A particular coup are works by Robert Rauschenberg and Jasper Johns, which, for the first time, bespeak their intimate relationship. Katz said these “two defining figures in post-War American art, who made their greatest work when they were together, are never talked about in this way. This Johns painting, ‘In Memory of My Feelings,’ takes its title from a Frank O’Hara poem and is Johns’ most eloquent memorial to the end of their relationship. One of the first paintings they made together was the iconic American flag, which appears here, but gray and reversed, and this is also a two-sided pictorial allegory. You see this fork and spoon wrapped together, a metaphor for ‘spooning,’ and, on the other side of the painting, they are separate, representing the loss suffered and inability to speak about it at the time. It’s Johns as ventriloquist.”

Tragedy, perforce, marks a number of the works, and no image is more haunting than Keith Haring’s 1989 “Unfinished Painting,” with its trademark calligraphy covering but one corner of the canvas, the paint dripping down so eminently suggestive of life’s delicate transience.

The AIDS era is fully documented in pieces like Peter Hujar’s 1981 etiolated portrait of Wojnarowicz, Robert Mapplethorpe’s grimly staring self-portrait as well as his take on Roy Cohn, and Jerome Caja’s inversion of Goya’s painting of Saturn devouring his son, ”Charles Devouring Himself,” which uses nail polish mixed with the cremated ashes of his friend, who committed suicide.

An artist I was wholly unfamiliar with, Jess (Collins, 1923-2004), was responsible for some of the most piquant images, particularly his marvelously naughty “Lord Pervert,” c.1956, which definitively shows what happens when you get us queens angry, by taking down Whittaker Chambers, the closeted Time magazine writer who named names, including Alger Hiss, before the Committee on Un-American Activities in 1948. Jess took a Lord Calvert “Men of Distinction” liquor advertisement and hilariously collaged it, using Chambers’ face, surrounded by derisive graffiti and pasted gibes, and gay references like a butterfly poised on his highball.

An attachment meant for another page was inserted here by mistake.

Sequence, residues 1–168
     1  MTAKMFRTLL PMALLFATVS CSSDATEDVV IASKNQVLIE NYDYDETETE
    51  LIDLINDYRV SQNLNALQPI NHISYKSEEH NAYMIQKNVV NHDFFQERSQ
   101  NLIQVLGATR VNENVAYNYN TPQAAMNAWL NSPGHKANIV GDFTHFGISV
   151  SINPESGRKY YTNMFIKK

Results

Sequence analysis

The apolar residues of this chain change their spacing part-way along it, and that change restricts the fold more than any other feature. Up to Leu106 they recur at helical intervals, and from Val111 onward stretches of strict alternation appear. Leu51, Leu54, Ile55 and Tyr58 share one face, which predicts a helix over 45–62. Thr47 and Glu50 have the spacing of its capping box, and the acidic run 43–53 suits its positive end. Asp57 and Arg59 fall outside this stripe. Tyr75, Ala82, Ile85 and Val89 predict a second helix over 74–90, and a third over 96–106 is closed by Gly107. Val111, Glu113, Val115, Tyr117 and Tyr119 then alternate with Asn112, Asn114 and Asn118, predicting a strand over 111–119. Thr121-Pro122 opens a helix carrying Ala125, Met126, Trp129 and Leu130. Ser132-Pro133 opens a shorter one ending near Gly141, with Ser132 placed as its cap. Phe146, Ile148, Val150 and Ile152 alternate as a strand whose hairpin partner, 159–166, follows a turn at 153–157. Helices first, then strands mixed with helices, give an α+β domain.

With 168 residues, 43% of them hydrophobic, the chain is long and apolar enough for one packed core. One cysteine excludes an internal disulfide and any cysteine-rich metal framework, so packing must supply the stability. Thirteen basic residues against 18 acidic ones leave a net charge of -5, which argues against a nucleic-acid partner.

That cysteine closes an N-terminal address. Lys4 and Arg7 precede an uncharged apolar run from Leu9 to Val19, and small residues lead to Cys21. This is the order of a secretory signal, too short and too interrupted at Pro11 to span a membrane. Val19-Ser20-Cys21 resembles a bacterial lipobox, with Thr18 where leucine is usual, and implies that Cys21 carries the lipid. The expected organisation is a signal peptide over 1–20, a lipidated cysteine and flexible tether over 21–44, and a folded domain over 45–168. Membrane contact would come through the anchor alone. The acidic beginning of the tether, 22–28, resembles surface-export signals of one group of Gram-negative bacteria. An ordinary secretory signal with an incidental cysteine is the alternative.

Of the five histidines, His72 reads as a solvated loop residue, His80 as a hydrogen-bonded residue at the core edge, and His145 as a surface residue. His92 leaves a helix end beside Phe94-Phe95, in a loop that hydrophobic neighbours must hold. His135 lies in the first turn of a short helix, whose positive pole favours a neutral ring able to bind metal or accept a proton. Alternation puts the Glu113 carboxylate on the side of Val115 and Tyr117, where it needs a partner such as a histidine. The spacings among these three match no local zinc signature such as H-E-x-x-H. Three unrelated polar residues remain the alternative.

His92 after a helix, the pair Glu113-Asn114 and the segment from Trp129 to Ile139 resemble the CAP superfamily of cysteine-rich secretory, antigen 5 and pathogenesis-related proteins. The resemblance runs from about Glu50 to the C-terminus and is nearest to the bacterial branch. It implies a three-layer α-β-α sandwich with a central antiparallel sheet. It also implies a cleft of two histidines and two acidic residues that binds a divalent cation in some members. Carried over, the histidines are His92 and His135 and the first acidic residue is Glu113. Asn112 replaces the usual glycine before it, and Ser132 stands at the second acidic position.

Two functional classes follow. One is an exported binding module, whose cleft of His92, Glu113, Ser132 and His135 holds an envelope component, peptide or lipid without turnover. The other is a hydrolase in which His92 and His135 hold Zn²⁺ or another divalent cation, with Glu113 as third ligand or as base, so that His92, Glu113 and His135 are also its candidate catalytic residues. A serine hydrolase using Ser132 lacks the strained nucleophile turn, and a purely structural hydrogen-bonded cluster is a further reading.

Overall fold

“You would probably have heard of him if you knew California artists, as Jess made the mistake of not living in New York,” Katz explained. “He was the lover of the poet Robert Duncan and loved to play these delicious, bawdy erotic games. I love what he did here with the slogan ‘It’s always better to get a big one!’”

You’ll probably need return visits to the exhibit to take in its full, wide-ranging, eclectic wonder. Cecil Beaton’s Gertrude and Alice B. are here; Peter Hujar’s 1975 portrait of Susan Sontag shows her at her most relaxed and leonine; Annie Leibovitz has Ellen Degeneres hilariously cupping her breasts on Kauai; Andrew Wyeth’s “The Clearing” revels in young, blonde maleness; Mapplethorpe’s famous 1979 leather couple shows the flip side of gay masculinity; Joseph Leyendecker’s 1914 Arrow Collar couple remains the elegant apotheosis of male domesticity; and there is Paul Cadmus’ fabulous wish-fulfillment of a world in his 1947 “What I Believe,” with its cameos of E.M. Forster, Jared and Margaret French, and the artist himself to endlessly ponder.

For all the impressive, high-flown, intellectual theorizing about the show bandied about at the press preview, as things were winding down, my favorite comment came from Ward, who, with complete justification, happily said to Katz, “We did a fucking great job!”




Brooklyn Museum

200 Eastern Parkway, near Grand Army Plaza

Through Feb. 12

Wed., Fri.-Sun., 11 a.m.–6 p.m.

Thu., 11 a.m.–10 p.m.

$12; $8 for students & seniors